Purchase a Yule log and deck it out with nature-inspired decor, candles, and other Yule-inspired decorations. This Yule log will be a central part of your Yule festivities with burning it and saving a piece of it for next year’s Yule log being the grand finale.

If you don’t want to do a Yule log in the traditional sense then you could bake a Yule log cake. While traditionally these are rolled cakes, they also have Yule log cake pans for the beginner baker.

8. Burn Pine Incense

Burning incense isn’t necessarily a decoration but it adds to the ambiance. Plus, we were able to track down some cute Yuletide-inspired incense burners. There’s one from Adroiteet that is a house that lights up (but leans a little heavy on the Christmas theming) and a similar, yet far more simple, alternative log cabin incense burner from Paine’s. If the cabins aren’t your thing, there’s this absolutely adorable mushroom incense burner. (Check out our info below on Yule mushrooms for more context.)

I like to burn incense sticks over the other types of incense in most situations. But what you use will depend on your burner. We recommend the pine incense stick sets like the one from Trumiri Leafy.

9. Handmake Witch Balls and Hang Them on Your Tree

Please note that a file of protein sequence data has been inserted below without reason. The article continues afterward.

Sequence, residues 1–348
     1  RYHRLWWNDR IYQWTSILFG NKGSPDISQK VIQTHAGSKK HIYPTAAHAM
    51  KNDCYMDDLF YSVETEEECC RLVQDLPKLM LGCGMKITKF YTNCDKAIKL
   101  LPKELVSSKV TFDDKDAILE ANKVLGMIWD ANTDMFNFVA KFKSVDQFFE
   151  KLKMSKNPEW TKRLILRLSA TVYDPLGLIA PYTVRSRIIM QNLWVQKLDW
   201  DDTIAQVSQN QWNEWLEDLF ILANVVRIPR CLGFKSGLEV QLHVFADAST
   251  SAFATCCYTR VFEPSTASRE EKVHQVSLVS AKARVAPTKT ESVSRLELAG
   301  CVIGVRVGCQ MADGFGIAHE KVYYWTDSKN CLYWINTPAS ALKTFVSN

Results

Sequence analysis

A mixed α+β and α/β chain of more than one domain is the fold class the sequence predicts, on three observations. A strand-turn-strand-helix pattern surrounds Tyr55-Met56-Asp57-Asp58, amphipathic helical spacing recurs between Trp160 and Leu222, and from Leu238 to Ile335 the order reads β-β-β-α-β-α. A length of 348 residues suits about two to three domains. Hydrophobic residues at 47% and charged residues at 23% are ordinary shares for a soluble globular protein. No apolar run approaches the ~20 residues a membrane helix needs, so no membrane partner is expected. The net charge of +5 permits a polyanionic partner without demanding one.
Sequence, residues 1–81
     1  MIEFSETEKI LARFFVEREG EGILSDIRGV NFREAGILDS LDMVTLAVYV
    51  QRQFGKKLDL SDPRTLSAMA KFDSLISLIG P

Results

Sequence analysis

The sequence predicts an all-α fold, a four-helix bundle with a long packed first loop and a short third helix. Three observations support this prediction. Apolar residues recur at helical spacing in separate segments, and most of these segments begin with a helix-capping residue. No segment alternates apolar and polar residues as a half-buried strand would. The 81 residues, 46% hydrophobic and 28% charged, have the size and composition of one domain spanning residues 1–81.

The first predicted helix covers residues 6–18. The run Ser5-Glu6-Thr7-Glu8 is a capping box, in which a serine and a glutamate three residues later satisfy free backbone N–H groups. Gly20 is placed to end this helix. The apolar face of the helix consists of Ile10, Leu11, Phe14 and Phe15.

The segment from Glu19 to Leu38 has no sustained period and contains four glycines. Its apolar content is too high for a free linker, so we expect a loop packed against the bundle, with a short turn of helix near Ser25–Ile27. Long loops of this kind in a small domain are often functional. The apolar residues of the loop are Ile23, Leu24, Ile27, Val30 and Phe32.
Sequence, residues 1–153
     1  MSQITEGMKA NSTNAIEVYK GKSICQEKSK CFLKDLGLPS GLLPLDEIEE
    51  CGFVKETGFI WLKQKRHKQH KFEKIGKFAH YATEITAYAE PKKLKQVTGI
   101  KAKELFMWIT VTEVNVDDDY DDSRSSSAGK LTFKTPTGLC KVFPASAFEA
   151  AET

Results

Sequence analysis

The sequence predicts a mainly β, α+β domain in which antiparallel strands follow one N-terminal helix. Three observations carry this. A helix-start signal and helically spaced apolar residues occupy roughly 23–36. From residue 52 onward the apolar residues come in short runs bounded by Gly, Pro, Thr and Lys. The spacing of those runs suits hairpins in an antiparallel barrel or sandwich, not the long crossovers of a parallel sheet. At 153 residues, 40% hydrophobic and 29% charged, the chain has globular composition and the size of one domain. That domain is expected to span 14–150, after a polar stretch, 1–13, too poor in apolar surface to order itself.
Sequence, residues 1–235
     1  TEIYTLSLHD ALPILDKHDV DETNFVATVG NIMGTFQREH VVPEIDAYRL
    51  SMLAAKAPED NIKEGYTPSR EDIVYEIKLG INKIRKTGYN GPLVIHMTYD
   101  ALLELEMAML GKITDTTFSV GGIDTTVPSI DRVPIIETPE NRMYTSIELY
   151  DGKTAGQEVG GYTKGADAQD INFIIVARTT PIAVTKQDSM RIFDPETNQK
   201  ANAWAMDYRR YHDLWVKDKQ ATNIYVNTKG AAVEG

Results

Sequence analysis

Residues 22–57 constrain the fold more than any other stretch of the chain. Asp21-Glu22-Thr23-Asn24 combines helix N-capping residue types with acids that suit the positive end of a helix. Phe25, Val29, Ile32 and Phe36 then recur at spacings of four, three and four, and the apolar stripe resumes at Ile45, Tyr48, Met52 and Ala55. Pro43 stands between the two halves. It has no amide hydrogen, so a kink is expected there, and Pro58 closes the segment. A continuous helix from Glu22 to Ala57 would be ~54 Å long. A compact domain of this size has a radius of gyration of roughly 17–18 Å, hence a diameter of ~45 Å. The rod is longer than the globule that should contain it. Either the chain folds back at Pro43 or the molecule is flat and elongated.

Witch balls, also referred to as faerie balls and yule balls were born out of the 17th century. These are what typical Christian Christmas balls were inspired by. Originally, these witch balls were used to protect your space by capturing evil spirits and bad energies within them.

These can be hung year-round or you can make some to hang on your Yule tree or in your home. These can be bought but we think it’s far more exciting and sentimental to make your own Yule balls. You can make these with fillable glass ornaments and fill them with crystals, herbs, and whatever else you’d like to include.

10. Incorporate Pinecones Into Your Garland or Yule Tree

Pinecones are another Yule decoration that is based in nature and will lead to a cozy Yuletide home interior. Purchase a pack of pinecones or collect some of your own to incorporate into your garland and Yule tree.

11. Create a Tomte or Gnome

Tomtes come from Nordic folklore (Nisses are the Norwegian version and gnomes are as you likely recognize these little bearded guys.) and are said to be protective spirits with a potentially mischievous streak if disrespected.